She might not look like the part, but Ms Haziqah Haron is into martial arts - specifically, the 22-year-old is a silat exponent who has taken part in numerous competitions.
It all started when she was 17 and in the first year of polytechnic. A silat senior encouraged her to try it out for a few weeks. After a few training sessions, her interest grew.
"The cultural aspect would be the main difference between silat and other martial arts. Silat allows me to learn not only about self-defence, but also about my culture," said Ms Haziqah, a food and human nutrition student at the Singapore Institute of Technology (SIT).
Practising silat also keeps her fit.
The training sessions - conducted two or three times a week, for up to three hours - are designed to maximise the practitioner's endurance, strength, agility and speed.
Besides physical benefits, silat practitioners gain self-confidence and discipline. During a match, they need strength, flexibility and power, in both their arms and legs. They also need to be nimble, so they can quickly counter-attack when an opponent strikes.
These factors are crucial, especially when one is facing off against an opponent.
Ms Haziqah usually competes once a year. Last year, she won two bronze medals at the National Pencak Silat Championship.
When a competition draws near, the number of training sessions increases to five or six times a week.
On days when there are no training sessions, she jogs and carries on with her own physical training to maintain or improve her stamina and fitness.
She does all this because silat is a demanding sport.
Besides kicking and punching, key moves include take-downs, which employ techniques such as scissor sweeps.
A pesilat (a person who practises silat) is expected to remain graceful even while trying to deliver punches to his opponent. Bunga-bunga - hand movements made by the pesilat while he is some distance away from his opponent - serve two purposes.
"Bunga-bunga can make our movements look more graceful - a reflection of the Malay culture, where grace is highly valued," said Ms Haziqah.
The moves might also be used to veil the pesilat's true intent, which could be to throw a punch, she said.
Meanwhile, pasang kuda-kuda, or stances, allow the pesilat to attack and defend effectively.
"From a particular pose or position, we can launch punches and kicks or execute blocks. Kuda-kuda also lower our centre of gravity, so we are more stable and less likely to fall," said Ms Haziqah, adding that such moves make silat different from other martial arts.
They are not easy to learn.
For Ms Haziqah, learning the scissor kick to take down an opponent was the most difficult part.
Bruises are common in silat as it is a contact sport. When Ms Haziqah first started practising silat, she sprained her elbow, she said.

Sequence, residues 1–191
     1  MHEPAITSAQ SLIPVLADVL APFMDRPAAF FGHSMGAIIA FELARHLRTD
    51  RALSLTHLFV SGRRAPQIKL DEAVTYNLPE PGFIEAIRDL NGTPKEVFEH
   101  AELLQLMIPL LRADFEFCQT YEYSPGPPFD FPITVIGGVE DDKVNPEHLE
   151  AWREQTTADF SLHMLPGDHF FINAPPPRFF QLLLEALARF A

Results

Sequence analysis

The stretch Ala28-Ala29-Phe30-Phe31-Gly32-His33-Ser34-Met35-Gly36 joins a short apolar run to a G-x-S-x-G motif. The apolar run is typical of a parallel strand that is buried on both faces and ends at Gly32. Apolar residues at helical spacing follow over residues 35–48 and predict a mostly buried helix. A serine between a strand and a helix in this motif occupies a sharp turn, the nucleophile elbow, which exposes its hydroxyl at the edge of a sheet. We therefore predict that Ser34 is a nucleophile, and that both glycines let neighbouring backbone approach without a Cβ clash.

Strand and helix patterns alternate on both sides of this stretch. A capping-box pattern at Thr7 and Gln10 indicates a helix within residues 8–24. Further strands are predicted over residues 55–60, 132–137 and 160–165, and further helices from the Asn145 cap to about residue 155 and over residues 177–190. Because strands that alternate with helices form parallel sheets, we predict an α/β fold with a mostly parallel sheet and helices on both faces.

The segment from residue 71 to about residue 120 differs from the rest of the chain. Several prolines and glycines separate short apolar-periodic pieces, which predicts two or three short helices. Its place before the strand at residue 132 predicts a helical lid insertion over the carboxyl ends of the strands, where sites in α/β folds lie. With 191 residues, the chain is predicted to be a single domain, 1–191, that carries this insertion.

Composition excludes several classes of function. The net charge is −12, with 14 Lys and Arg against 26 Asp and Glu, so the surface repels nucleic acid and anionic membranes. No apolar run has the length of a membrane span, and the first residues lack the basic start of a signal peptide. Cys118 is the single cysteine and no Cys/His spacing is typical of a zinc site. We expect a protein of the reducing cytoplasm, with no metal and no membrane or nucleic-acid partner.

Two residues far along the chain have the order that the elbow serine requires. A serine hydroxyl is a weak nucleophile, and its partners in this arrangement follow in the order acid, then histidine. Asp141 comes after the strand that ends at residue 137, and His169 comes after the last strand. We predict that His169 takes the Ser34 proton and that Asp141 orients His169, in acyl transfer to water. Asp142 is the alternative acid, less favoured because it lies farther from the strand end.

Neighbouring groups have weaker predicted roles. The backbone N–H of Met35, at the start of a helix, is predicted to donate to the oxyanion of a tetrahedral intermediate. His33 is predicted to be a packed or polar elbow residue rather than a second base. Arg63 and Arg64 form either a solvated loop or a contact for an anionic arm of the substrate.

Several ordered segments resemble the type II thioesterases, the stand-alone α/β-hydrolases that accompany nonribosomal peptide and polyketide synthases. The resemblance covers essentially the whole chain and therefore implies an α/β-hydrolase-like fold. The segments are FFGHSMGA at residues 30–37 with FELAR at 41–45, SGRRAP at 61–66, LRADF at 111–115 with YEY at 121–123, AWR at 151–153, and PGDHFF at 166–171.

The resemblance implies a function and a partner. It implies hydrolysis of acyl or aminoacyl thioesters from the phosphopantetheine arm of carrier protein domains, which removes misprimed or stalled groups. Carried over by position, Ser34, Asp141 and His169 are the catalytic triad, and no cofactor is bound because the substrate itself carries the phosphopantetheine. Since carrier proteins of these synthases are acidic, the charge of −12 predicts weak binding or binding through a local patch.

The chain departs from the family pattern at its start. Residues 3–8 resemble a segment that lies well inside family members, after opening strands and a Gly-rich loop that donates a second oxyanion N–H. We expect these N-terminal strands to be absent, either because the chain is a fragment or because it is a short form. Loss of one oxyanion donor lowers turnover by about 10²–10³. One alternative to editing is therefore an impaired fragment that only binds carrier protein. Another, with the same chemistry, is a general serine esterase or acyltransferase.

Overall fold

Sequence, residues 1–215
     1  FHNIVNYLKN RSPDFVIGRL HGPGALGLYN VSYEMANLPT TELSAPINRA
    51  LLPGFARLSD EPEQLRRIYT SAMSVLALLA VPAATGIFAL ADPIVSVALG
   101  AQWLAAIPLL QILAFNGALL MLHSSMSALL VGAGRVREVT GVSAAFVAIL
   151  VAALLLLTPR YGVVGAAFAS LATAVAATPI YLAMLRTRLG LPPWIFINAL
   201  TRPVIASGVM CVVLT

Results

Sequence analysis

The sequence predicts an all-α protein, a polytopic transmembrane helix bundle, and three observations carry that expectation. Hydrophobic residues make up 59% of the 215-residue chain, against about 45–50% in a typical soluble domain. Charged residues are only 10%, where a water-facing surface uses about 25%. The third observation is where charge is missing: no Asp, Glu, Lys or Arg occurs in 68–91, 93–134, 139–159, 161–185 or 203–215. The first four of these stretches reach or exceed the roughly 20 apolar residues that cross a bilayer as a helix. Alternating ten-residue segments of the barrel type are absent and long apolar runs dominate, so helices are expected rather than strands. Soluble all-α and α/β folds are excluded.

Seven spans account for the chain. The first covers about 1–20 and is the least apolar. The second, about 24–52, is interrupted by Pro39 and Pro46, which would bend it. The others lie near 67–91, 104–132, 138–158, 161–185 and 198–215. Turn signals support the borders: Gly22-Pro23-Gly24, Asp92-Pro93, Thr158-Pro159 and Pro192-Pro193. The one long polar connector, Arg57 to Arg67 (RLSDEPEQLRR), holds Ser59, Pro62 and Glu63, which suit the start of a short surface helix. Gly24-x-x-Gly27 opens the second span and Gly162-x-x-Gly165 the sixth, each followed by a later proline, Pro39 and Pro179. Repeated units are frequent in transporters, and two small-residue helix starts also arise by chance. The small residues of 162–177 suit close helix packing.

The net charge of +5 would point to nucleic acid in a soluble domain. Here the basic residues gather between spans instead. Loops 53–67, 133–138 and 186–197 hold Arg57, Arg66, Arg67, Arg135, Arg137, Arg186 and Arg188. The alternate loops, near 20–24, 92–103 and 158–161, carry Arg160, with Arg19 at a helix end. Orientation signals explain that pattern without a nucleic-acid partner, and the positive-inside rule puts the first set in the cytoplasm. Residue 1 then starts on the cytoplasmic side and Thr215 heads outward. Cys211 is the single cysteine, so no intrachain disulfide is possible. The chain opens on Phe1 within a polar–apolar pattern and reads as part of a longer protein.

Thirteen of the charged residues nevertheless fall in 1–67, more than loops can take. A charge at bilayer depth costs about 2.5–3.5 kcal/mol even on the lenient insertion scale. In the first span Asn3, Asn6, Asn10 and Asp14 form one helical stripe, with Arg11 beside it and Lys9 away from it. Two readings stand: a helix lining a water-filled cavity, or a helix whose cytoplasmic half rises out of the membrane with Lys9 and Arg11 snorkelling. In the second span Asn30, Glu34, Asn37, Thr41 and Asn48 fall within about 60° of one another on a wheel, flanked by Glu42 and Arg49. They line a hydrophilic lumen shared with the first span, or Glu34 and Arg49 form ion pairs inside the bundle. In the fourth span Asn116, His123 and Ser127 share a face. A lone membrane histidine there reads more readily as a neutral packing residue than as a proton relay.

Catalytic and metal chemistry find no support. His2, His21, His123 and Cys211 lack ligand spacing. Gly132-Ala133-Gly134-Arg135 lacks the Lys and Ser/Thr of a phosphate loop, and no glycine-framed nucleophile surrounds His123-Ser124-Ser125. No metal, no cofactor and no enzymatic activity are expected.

There are two categories in silat - tanding (match) and seni (artistic). You can specialise in one, or both, as Ms Haziqah does.
Although silat is unique, it is also similar to other sports in that it teaches us discipline, perseverance and courage, she said.
ART OF PRECISION
Physically, silat training allows practitioners to improve body coordination, as well as gain precision, flexibility, agility and power in their movements, said Assistant Professor Benjamin Soon, who is in charge of a new physiotherapy programme at SIT.
Such skills are required during both combat matches and solo performances, where there are choreographed movements.
Silat also helps to hone one's senses and ability to focus, because practitioners must be aware of their surroundings and the actions of their opponents. This, in turn, helps them to raise their self-awareness, said Prof Soon.
Moreover, silat helps to improve one's breathing techniques and core body strength.
Besides physical benefits, silat practitioners gain self-confidence and discipline.
During a match, they need strength, flexibility and power, in both their arms and legs. They also need to be nimble, so they can quickly counter-attack when an opponent strikes.
The sport involves considerable legwork, which includes maintaining a horse stance, side stepping, lunging, sliding, jumping and kicking, said Prof Soon.
Practising silat helps strengthen core and leg muscles, which can aid in daily activities such as lifting items or pushing heavy loads. It also reduces the chances of sustaining a back injury, Prof Soon added.
Warm-up exercises should include side jumps, lunges, light runs and abdominal crunches, which engage the leg and abdominal muscles, he said.
Dynamic stretching of the shoulder and leg muscles should be incorporated too, especially of the quadriceps, hamstrings and groin muscles, to improve flexibility.
This can be done by repeatedly swinging and kicking the legs, or forward punching with the arms - mimicking movements used during the sport, Prof Soon said.
As silat is a combat sport, there is always a risk of getting injured when sparring with an opponent.
Proper protective gear is essential. One must also know how to break a fall properly - throwing an opponent off the ground scores the highest points during competitions, said Prof Soon.